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Ashraf Abdel Baqi,
Ezzat El Alaili
In a street called Blue in a very poor neighborhood in Paris, Monsieur Ibrahim is an old Muslim Turkish owner of a small market. He becomes friend of the teenager Jewish Moises, tenderly nicknamed Momo, who lives with his father in a small apartment on the other side of the street. Monsieur Ibrahim gives paternal love and teaches the knowledge of the Qur'an to the boy, receiving in return love and respect.Written by
Claudio Carvalho, Rio de Janeiro, Brazil
Omar Sharif, who plays a turkish man, is not turkish in real life and couldn't speak turkish in the movie. Some of the words were made up and are not a part of the turkish language. See more »
[reading Ibrahim's will]
This is my will and testament. I, Ibrahim Demirdji, hereby leave all my goods to Moses Schmitt, my son Momo because he chose me as his father and because I've given him everything I've learned in this life. Now you too will know what's in my Koran, Momo. It's all there is to know.
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moving coming-of-age story with a starmaking performance
'Monsieur Ibrahim' is a fine coming-of-age tale set in 1960's Paris. Young Pierre Boulanger gives a remarkably assured performance as Moses, a Jewish teen living with his cold, skinflint of a dad in a less-than-savory part of town. Abandoned by his mother and living in the shadow of a brother who has himself fled the scene, Moses leads an embittered existence, seeking surcease in the beds of the local prostitutes who ply their trade on the street where he lives. Moses is finally befriended by an aged shopkeeper named Ibrahim Demirdji, a Safi Muslim who, after Moses' father commits suicide, adopts the boy and instills in him valuable life lessons, gleaned from his religious training and his long years of experience.
In terms of its storyline, 'Monsieur Ibrahim' offers little that is new here (the idea of an older mentor figure raising an orphan child of a different religion goes at least as far back as 'The Two of Us' in 1968 and probably much further) . Where it excels is in its tenderhearted view of daily life and in its subtle plea for understanding between Arab and Jew. Moses is an almost heartbreakingly ordinary kid, a fact which makes his story all the more compelling (he has much of the rough-and-tumble poignancy of the boy in 'The 400 Blows'). We can identify with every emotion he is going through on his painful journey to adulthood: his fears, his insecurities, his need for acceptance, his appreciation of simple kindnesses. Moses lives in a world where life can sometimes be cruel, but where fellow human beings reach out to help one another in their moments of greatest need.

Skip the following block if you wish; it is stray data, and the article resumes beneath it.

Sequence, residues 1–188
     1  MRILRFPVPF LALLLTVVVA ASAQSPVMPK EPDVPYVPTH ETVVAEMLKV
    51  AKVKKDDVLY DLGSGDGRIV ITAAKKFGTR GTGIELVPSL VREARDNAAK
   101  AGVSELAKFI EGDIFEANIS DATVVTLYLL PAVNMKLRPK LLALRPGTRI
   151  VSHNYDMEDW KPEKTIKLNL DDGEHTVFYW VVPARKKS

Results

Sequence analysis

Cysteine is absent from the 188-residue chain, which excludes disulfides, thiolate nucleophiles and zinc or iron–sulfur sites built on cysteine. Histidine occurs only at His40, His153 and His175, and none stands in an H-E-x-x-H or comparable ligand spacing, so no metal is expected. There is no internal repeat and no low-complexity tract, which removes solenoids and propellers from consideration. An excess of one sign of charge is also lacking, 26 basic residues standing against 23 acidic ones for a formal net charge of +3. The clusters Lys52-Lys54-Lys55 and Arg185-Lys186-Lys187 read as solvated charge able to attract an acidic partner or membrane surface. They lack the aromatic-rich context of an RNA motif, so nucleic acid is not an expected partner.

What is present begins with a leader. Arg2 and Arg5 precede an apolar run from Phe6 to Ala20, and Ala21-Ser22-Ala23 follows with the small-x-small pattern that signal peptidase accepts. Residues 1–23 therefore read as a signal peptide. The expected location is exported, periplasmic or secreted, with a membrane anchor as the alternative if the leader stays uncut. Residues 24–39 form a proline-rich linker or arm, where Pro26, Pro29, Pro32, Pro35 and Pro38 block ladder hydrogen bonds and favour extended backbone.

This is a beautiful, heartfelt film that doesn't stand on its head to try and impress us. It seeps into our hearts one scene at a time, until, by the end, we realize what a profound emotional impact it has had on us. Veteran actor Omar Sharif is wonderful as the solid and wise Monsieur Ibrahim, but it is Boulanger who is the real revelation here. This amazing young actor is the true heart and soul of the film, an absolute natural. He is very rarely off screen, and he rivets our attention on his character in a way that most highly paid movie actors can merely dream about doing. I hope he makes many more films in the future.
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